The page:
Event space at Black Market in Nubian Square approved for liquor license - if city has one to give
The Boston Licensing Board today approved a liquor license for Black Market Social, 2136 Washington St. in Roxbury, where Kai and Christopher Grant have already expanded their store space to hold social, arts and business events.
At a hearing yesterday, Kai Grant said Nubian Square "is in deep need" of spaces with "a social club atmosphere" for events, especially now that the area is undergoing "extreme development."
Whether the Grants actually get a license to serve alcohol, however, depends on whether the city actually has any to give out.
The number of liquor licenses in Boston is set by the state legislature.
Also today, the board approved a liquor license for Jazz Urbane Cafe, a new restaurant and performance space planned for the Bolling Building. Unlike Black Market Social, there could soon be a license available for that space, under a bill now before Gov. Baker that would give Boston five new liquor licenses, but only for the Bolling Building and the Strand Theater in Uphams Corner.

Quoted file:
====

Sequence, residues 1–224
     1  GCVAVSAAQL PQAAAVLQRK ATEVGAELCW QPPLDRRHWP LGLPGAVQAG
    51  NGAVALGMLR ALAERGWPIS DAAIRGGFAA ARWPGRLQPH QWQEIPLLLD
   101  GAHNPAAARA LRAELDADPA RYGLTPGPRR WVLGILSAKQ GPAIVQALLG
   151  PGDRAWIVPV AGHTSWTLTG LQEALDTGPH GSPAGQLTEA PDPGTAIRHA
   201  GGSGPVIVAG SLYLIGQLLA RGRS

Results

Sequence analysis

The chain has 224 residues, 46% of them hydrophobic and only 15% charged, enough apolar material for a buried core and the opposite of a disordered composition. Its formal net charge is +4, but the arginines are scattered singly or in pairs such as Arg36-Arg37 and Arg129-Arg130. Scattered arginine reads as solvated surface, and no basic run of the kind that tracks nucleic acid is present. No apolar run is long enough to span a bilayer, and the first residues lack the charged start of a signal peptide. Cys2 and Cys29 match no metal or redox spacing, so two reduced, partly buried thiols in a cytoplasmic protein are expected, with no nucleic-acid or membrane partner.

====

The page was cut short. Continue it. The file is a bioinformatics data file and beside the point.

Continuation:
The Grants are also partners in Nubian Ascend, a mixed-use complex that would include an artists' marketplace and a cultural hall with a performance space.
Like the job UHub is doing? Consider a contribution. Thanks!
A good start
We have to return permanent control of liquor licensing to the city. It's so deeply silly that it remains under state control while most (all?) other municipalities have home rule.
I get that it's probably not a huge legislative push for Healey upon taking office, but I'd like to see the wheels start turning on it anyway. Opening a restaurant or entertainment venue is hard enough without having to delay opening to scrounge around for an absurdly priced, scarce commodity that should be no harder or more expensive to obtain than a building inspection.
These new licenses that are bound to the address are a good step in fixing the situation we're in, but we need many more, and soon, if we're going to start rebuilding industries that got kneecapped by covid.